After blessing our home so expertly, Father Berube became the eager recipient of that Catholic middle-class beneficence those who once dispensed it now call “priest adoption.” Back then it was known as “welcoming a priest into your home.”
Priest adoption occurred more often than you’d think. Our family friends the Woodburys adopted a priest before they’d moved to Danvers, but he didn’t last.
Every Danvers Catholic kid I knew swore by everything Father Berube said. About anything. The reason why was . . . complicated. Oh, so complicated.
“Now you're getting older, your body's starting to change” said Dad. “Any questions?”
“How do you stop getting hard in church?” I asked.
“Don't be ridiculous. That never happens.”
“I just heard . . . in school. Some of the guys . . .”
“It doesn't happen if you're Catholic. You know all about impure thoughts by now.”
“Yeah, but . . .”
“You just got confirmed for chrissake.”
“Not sayin' it was me.”
“Then who? Better not be that Channing Johnstone character.”
“I'm just asking, what if it happens? What are you supposed to do?”
“You say a prayer or something."
“But what if some girl’s sitting in the next pew and . . . and looking real pretty . . . and things get out of hand and suddenly you gotta get up and take communion?”
“How the hell should I know? Ask Father Berube.”
from “Questions I Tormented my Dad With”
IN WHICH we are truly blessed.
I never did ask Father John Berube that question, but it wasn’t because I didn’t trust him. He was eminently trustworthy. Every Danvers Catholic kid I knew swore by everything he said. About anything. The reason why was . . . complicated. Oh, so complicated.
Had I known I’d be writing about Steve, my first adolescent friend, I would have carried my Brownie Hawkeye camera around with me more.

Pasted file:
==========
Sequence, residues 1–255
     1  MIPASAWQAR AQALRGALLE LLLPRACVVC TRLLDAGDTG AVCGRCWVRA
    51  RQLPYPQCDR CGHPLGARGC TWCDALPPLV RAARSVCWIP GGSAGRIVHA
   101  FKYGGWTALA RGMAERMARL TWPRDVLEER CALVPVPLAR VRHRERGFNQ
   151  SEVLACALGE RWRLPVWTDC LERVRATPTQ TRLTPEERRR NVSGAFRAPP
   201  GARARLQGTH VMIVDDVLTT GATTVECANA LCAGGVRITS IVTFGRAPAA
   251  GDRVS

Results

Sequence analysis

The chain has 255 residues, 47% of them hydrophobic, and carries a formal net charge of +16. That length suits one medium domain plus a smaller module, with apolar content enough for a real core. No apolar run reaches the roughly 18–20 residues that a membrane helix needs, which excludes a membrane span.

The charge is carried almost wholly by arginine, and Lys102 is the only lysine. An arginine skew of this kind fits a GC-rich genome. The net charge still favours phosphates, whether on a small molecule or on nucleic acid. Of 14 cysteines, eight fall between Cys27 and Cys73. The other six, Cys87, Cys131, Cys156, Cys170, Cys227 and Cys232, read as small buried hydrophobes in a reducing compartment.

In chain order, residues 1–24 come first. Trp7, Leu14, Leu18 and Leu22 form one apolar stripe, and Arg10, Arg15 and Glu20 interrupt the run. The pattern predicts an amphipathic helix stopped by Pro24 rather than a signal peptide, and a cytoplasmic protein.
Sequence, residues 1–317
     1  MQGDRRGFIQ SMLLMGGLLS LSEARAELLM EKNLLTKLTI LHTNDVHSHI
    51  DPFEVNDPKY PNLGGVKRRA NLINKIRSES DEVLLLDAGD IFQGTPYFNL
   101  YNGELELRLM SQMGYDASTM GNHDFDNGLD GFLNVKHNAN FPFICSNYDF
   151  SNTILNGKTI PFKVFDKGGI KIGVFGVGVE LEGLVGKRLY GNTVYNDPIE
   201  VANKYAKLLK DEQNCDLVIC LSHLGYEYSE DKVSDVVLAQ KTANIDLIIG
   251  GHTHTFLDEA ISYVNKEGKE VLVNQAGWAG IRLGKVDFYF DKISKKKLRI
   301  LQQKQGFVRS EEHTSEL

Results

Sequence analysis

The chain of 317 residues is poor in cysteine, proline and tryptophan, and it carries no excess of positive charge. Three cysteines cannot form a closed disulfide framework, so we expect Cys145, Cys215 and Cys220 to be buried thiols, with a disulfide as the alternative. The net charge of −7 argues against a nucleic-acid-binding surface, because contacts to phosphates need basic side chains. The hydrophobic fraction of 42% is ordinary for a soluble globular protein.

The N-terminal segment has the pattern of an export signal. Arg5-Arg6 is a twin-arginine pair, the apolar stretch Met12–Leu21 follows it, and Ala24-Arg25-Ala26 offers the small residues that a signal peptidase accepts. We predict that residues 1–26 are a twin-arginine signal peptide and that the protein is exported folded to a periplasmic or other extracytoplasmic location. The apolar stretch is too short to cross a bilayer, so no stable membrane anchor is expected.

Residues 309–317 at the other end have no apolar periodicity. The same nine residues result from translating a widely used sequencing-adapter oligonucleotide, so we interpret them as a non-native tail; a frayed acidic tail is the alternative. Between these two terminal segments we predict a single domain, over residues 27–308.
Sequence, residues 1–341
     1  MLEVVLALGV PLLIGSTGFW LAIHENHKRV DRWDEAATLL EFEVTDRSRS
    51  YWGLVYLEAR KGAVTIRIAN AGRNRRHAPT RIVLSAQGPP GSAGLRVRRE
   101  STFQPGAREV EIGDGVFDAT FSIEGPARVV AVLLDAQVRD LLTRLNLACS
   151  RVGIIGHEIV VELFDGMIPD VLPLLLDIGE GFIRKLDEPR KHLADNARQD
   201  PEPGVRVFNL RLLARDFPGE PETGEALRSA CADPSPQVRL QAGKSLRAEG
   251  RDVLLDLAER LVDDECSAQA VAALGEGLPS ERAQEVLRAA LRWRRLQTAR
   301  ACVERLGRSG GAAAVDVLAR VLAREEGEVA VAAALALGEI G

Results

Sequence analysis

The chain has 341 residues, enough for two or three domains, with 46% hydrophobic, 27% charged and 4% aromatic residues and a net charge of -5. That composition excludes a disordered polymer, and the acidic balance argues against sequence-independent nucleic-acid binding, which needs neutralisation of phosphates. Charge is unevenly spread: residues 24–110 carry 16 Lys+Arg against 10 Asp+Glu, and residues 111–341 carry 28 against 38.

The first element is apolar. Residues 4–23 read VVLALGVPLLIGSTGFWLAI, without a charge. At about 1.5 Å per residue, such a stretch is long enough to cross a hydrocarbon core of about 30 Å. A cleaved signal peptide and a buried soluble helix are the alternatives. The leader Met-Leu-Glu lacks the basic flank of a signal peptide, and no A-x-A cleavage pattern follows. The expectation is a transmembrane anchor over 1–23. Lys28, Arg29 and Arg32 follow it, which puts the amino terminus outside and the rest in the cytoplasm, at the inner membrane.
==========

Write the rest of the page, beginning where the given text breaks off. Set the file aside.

IN WHICH I learn that friendship is more complicated than enemyship.
I’ve never been friends with anyone in the same way I was with Steve Demetrious. It was one of those “more than” relationships. We were more than schoolmates, more than movie companions, more than teammates, more than confidants.
It’s a perfect three-minute teaser for a legendary western by the same name, The Man Who Shot Liberty Valence.
The song opens with a languid intro on the fiddle, followed by a simple quadruple drum pattern. Then there’s a rise in dramatic tension. A few bars later the voice enters, with a tessitura so distinctive I’d never heard one like it before or since. It sounds halfway between a country vocalist and a pop balladeer. The singer sets the story by painting a scary picture of a villain who terrorizes both men and women with his “straight and fast” shootings. In the next stanza, the singer’s quavering voice softens the music to introduce an unobtrusive female chorus. In one line he describes the hero, a reasonable man who just wants to live in peace with his girl despite the gruesome gunslinger terrorizing them. Rising crescendos in the chorus inject more tension, tattoos on the snare drum imitate gunshots, and the song suddenly ends, ambiguously, cagily, without revealing the plot’s surprise climax.
Chris Montez1Let’s Dance had it right. “Any old dance that you wanna do.” When I was 13 at Holton-Richmond Junior High2School Web Site, attending class in wooden desks with dried-up ink wells, I used to go to the school dances that happened third Friday each month. They were called “mixers,” because that’s what the girls and boys were supposed to do. Mix with adults gaping on. Of course not many of us did. The concept of a sock hop, with minimal supervision and an outta sight disk jockey, was yet to be in Danvers, Massachusetts.